Group difference z(r) matrices are shown in Figure 3C. Cells showing maximum group contrast effect (two-sided t-test, P < 0.05, uncorrected for multiple comparisons) are marked with black stars. Which RSNs are most affected by prematurity is not immediately apparent on inspection of Figure 3C. The question is more clearly answered in terms of RSN composite z(r) scores (Table 4 and Supplementary Table 2), which are averages over the diagonal blocks shown in Figure 3. Averaging over ROI pairs within RSNs suppresses sampling error (Brier et al. 2012). The most significant group contrasts were observed in higher order RSNs (namely LAN, FPC, and DMN); in contrast, primary RSNs (SMN, VIS) were less affected by prematurity.

Table 4

Composite mean Fisher's z-transformed correlation values by network for term and preterm subjects

Network Term Preterm Term versus preterma 
LAN 0.25 0.15 P = 0.009 
SMN 1.01 0.91 P = 0.139 
VIS 0.44 0.47 P = 0.440 
DMN 0.28 0.15 P = 7.44 × 10−5 
DAN 0.25 0.28 P = 0.438 
VAN 0.22 0.27 P = 0.238 
FPC 0.31 0.16 P = 8.00 × 10−4 
Network Term Preterm Term versus preterma 
LAN 0.25 0.15 P = 0.009 
SMN 1.01 0.91 P = 0.139 
VIS 0.44 0.47 P = 0.440 
DMN 0.28 0.15 P = 7.44 × 10−5 
DAN 0.25 0.28 P = 0.438 
VAN 0.22 0.27 P = 0.238 
FPC 0.31 0.16 P = 8.00 × 10−4 

aResult from two-sample, two-tailed t-test between groups.

Figure 4 parallels Figure 3, but shows covariance rather than correlation. Covariance, unlike correlation, retains sensitivity to signal magnitude as a factor in the measure. The greater sensitivity of covariance for identifying group differences is evident on comparison of Figures 3C and 4C. This difference is also manifested in Table 5 (and Supplementary Table 3), in which the composite covariance-based scores reveal more significant group differences than the z(r)-based measures. Using this measure, 6 of the 7 RSN contrasts are significant.

Table 5

Composite mean covariance values by network for term and preterm subjects

Network Term Preterm Term versus preterma 
LAN 0.38 0.14 P = 9.24 × 10−5 
SMN 3.48 1.68 P = 3.99 × 10−4 
VIS 1.22 0.55 P = 0.001 
DMN 0.52 0.17 P = 4.89 × 10−6 
DAN 0.37 0.30 P = 0.154 
VAN 0.30 0.12 P = 4.81 × 10−5 
FPC 0.52 0.13 P = 3.70 × 10−6 
Network Term Preterm Term versus preterma 
LAN 0.38 0.14 P = 9.24 × 10−5 
SMN 3.48 1.68 P = 3.99 × 10−4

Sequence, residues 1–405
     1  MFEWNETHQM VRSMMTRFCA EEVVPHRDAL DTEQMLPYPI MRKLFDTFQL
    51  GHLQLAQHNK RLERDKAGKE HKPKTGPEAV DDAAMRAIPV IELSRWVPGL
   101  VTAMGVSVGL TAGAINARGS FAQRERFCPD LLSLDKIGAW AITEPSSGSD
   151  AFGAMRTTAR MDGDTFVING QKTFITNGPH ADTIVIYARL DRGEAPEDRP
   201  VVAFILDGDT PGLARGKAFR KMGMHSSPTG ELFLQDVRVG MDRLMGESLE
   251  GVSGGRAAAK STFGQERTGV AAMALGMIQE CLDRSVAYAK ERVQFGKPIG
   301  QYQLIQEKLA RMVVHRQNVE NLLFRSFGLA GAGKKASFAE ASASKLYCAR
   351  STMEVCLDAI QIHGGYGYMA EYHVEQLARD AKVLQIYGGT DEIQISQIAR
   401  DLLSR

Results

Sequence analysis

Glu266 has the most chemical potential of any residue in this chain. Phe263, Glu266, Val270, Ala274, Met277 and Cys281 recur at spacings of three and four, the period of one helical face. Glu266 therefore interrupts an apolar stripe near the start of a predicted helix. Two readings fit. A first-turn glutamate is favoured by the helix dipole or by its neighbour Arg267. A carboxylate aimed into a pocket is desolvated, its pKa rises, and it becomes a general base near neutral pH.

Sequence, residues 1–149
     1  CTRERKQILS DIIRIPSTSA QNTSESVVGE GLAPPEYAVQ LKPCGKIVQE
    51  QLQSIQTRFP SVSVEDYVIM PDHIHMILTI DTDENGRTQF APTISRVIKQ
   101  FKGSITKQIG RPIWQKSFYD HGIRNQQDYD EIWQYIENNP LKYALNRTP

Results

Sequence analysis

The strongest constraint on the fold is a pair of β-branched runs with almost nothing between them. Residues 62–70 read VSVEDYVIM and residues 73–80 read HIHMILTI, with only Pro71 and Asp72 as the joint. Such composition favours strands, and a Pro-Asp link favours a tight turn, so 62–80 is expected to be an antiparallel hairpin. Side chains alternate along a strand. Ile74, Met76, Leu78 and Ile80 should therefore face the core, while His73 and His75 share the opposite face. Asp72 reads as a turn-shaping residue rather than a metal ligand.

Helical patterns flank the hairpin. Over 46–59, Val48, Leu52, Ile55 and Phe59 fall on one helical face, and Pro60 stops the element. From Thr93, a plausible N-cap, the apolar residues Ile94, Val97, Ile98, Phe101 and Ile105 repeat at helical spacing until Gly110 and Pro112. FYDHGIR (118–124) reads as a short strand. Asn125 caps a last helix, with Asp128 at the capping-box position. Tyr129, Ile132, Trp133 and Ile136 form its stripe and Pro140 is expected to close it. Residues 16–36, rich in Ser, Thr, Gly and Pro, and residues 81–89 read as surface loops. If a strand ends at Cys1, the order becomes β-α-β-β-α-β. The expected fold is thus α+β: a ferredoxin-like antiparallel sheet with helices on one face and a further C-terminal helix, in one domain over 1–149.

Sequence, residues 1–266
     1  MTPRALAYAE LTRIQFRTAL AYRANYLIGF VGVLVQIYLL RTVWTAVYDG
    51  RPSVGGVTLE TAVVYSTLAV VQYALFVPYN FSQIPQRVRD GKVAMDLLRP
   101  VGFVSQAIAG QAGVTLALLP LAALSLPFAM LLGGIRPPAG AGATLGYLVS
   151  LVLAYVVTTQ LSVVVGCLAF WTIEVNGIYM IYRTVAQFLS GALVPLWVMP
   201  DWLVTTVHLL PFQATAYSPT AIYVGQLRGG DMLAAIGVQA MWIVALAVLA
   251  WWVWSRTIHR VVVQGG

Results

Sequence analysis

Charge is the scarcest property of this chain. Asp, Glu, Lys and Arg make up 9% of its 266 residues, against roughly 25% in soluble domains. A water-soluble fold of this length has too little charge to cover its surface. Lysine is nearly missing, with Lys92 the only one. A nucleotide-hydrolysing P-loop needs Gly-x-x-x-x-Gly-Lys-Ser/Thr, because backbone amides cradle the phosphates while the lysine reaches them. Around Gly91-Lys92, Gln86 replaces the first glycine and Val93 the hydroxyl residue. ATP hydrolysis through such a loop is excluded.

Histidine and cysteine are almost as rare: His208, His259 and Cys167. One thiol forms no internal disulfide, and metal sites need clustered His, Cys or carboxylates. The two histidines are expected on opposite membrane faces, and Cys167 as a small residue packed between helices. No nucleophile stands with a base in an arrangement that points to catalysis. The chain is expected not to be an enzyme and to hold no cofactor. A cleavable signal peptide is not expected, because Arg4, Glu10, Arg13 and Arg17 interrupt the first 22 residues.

VIS 1.22 0.55 P = 0.001 
DMN 0.52 0.17 P = 4.89 × 10−6 
DAN 0.37 0.30 P = 0.154 
VAN 0.30 0.12 P = 4.81 × 10−5 
FPC 0.52 0.13 P = 3.70 × 10−6 

aResult from Mann–Whitney U two-sample rank-sum test between groups.

Figure 4.

Group mean covariance matrices representing all pairs of ROIs. The block structure corresponds to RSNs. (A) Term infants; (B) preterm infants; (C) term minus preterm difference. Black stars in (C) denote cells with a significant (P < 0.05; multiple comparisons uncorrected) between group difference on two-tailed Mann–Whitney U-test. Note similarity of block structure in (A) and (C). This similarity reflects roughly proportional down-scaling of positive and negative rs-fMRI covariance values in the preterm group relative to the term group.

Figure 4.

Group mean covariance matrices representing all pairs of ROIs. The block structure corresponds to RSNs. (A) Term infants; (B) preterm infants; (C) term minus preterm difference. Black stars in (C) denote cells with a significant (P < 0.05; multiple comparisons uncorrected) between group difference on two-tailed Mann–Whitney U-test. Note similarity of block structure in (A) and (C). This similarity reflects roughly proportional down-scaling of positive and negative rs-fMRI covariance values in the preterm group relative to the term group.

Figure 5 shows the same data displayed in Figures 3 and 4, with term versus preterm differences plotted versus mean values over both groups. All (31 × 30/2) ROI pairs are represented. In both Fisher's z-transformed correlation (Fig. 5A) and covariance (Fig. 5B) values, term minus preterm differences tend to exhibit the same sign as the combined group mean. This result indicates that both positive and negative functional connectivity measures are predominantly weaker in the preterm group. Again, this relationship is more robust for the covariance measure. The line of regression in Figure 5B (slope = 0.72) indicates that covariance measures in the preterm group are, on average, approximately one half of those in the term group (algebraically expressing, “term − preterm = 0.72 times the term + preterm mean,” we obtain: (t −p) = 0.72 × (t + p)/2. Rearranging gives p = [(1 0.36)/(1 + 0.36)] × t, or, p ≈ 0.47 × t)).

Figure 5.

Scatter plots of group difference versus group mean functional connectivity results for all pairs of ROIs (depicts same data as in Figs 3 and 4). (A) Fisher's z-transformed correlations; (B) covariance values. In (B), the slope of the difference on mean regression line is 0.72, indicating that preterm covariance values are, on average, approximately one half those of term values.

Figure 5.